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Creating great content for content marketing: Don’t overthink it

Frequently, we hear our clients worry about how to keep a steady stream of content flowing. Many of them don’t realize that they’re making more of the problem than they have to.

You certainly have to devote some of your (probably too-scarce) marketing resources to content creation. You have to develop a strategy regarding the kind of content you’ll create and how you’ll distribute and promote it, but you don’t have to re-invent the wheel when it comes to actually generating the content.

English: The New York Times building in New Yo...
(Photo credit: Wikipedia)

A colleague recently shared something a college professor had told him years before on the subject of journalism. In a nutshell, she said, “You don’t break news. You add value to the story that’s already out there.”

This is a valuable perspective for content marketers. Think about it this way: your average, ethical journalist doesn’t go around lighting buildings on fire in order to have something to write about. Journalists don’t invent stories. They follow them, investigate them, and occasionally uncover information that wasn’t readily available or apparent. 

Forget about inventing stories – ethically or otherwise – in order to have something to write about. 

One of my most successful  articles recently, in terms of engagement and social sharing, was a commentary on someone else’s original idea. I didn’t invent the original concept; I simply added perspective and, I hope, insight, in ways that were useful to my audience.

You can also forget about being an investigative reporter. Even the Wall Street Journal, New York Times and other major news outlets are struggling with the economics of that model. Instead focus on being the kind of editorialist who presents a complex topic to an audience in ways that highlight the aspects of the issue that are most relevant to the audience.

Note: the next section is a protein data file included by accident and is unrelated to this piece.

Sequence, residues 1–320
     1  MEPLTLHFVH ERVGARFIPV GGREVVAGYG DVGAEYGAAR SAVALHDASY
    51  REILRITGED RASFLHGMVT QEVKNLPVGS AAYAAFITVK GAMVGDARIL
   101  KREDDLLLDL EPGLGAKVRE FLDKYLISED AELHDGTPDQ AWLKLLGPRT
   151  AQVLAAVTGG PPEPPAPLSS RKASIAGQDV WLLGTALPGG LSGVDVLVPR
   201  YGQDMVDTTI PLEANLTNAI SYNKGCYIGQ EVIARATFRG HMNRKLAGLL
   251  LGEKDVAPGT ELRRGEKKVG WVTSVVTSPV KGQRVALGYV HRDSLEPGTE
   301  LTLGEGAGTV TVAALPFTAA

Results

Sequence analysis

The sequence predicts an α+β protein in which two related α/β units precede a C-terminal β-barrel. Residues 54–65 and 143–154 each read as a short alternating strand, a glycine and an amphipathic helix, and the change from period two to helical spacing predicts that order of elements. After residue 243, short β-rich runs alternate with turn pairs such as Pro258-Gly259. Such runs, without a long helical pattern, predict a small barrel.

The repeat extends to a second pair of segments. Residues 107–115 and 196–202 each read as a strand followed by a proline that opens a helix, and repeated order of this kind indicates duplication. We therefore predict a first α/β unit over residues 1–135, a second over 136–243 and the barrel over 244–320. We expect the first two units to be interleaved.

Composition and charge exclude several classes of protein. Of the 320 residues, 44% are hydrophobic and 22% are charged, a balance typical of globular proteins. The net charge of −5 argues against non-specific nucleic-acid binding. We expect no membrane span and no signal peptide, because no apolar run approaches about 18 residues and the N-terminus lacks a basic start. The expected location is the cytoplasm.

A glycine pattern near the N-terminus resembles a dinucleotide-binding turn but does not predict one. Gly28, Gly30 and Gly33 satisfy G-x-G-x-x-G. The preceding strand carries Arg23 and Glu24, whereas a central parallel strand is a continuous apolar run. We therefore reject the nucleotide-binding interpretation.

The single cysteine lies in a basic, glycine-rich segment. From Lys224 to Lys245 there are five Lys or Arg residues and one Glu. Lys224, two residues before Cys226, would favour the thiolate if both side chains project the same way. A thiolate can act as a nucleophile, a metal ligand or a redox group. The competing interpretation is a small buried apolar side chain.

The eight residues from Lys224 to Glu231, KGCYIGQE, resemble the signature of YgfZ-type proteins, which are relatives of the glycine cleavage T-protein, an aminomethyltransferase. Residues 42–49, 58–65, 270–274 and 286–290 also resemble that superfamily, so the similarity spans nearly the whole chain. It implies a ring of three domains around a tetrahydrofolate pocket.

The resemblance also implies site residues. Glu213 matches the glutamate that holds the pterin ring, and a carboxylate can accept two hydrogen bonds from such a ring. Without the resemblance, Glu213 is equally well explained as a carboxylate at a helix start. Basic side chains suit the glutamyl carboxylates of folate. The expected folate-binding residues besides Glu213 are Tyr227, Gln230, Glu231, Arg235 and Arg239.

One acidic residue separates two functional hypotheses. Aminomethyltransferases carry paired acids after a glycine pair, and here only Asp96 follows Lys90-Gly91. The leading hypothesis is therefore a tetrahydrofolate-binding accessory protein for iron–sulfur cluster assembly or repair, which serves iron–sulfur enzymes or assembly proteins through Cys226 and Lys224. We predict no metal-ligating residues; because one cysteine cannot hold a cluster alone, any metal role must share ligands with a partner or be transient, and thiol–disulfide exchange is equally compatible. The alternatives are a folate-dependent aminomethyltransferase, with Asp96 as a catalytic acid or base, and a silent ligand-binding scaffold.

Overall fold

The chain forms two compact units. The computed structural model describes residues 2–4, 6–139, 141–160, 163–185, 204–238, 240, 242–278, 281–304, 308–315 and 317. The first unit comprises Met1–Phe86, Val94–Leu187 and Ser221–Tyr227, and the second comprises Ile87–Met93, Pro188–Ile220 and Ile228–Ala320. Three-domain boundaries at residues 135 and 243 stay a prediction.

Be sure to keep that audience in mind. If you’ve ever read the New York Times and the Wall Street Journal side by side (a great exercise for kids, by the way), you know that the same story can be interpreted in different ways. Be sure that you’re adding perspective that fits to your audience’s needs. 

Finally, never lose site of the fact that your audience doesn’t know what you know. Don’t talk down to your audience, of course, but recognize that they’re reading because you have expertise they don’t. With that approach, you’ll realize that you have a lot more to write about than you might think at first glance. 

Andrew Schulkind

Since 1996, Andrew Schulkind has asked clients one simple question: what does digital marketing success look like, and how can marketing progress be measured? A veteran content marketer, web developer, and digital strategist, Andrew founded Andigo New Media to help firms find a more strategic and productive mix of tools that genuinely support online brand goals over time. With a passion for true collaboration and meaningful consensus, his work touches social media, search-engine optimization, and email marketing, among other components. He views is primary goal as encouraging engagement. Getting an audience involved in your story requires solid information architecture, a great user experience, and compelling content. A dash of common sense doesn’t hurt, either. Andrew has presented at Social Media Week NY and WordCampNYC, among other events, on content marketing and web-development topics. His technology writing appears on the Andigo blog, in a monthly column on, and for print and online publications like The New York Enterprise Report, Social Media Today, and GSG Worldwide’s publications LinkedIn & Business, Facebook & Business, and Tweeting & Business. Andrew graduated with a B.A. in Philosophy from Bucknell University. He engages in a range of community volunteer work and is an avid fly fisherman and cyclist. He also loves collecting meaningless trivia. (Did you know the Lone Ranger made his mask from the cloth of his brother's vest after his brother was killed by "the bad guys?")

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